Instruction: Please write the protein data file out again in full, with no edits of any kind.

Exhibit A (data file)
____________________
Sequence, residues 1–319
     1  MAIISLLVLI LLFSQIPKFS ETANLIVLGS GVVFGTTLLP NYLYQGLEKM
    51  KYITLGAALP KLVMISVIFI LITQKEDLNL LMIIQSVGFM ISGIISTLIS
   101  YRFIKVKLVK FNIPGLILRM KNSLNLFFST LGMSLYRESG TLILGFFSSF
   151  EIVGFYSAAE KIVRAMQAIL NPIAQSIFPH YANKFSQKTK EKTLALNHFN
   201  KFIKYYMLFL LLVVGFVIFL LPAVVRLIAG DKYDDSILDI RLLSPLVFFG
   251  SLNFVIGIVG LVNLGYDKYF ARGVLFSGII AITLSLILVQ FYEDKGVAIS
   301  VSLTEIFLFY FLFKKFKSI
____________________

Sequence, residues 1–319
     1  MAIISLLVLI LLFSQIPKFS ETANLIVLGS GVVFGTTLLP NYLYQGLEKM
    51  KYITLGAALP KLVMISVIFI LITQKEDLNL LMIIQSVGFM ISGIISTLIS
   101  YRFIKVKLVK FNIPGLILRM KNSLNLFFST LGMSLYRESG TLILGFFSSF
   151  EIVGFYSAAE KIVRAMQAIL NPIAQSIFPH YANKFSQKTK EKTLALNHFN
   201  KFIKYYMLFL LLVVGFVIFL LPAVVRLIAG DKYDDSILDI RLLSPLVFFG
   251  SLNFVIGIVG LVNLGYDKYF ARGVLFSGII AITLSLILVQ FYEDKGVAIS
   301  VSLTEIFLFY FLFKKFKSI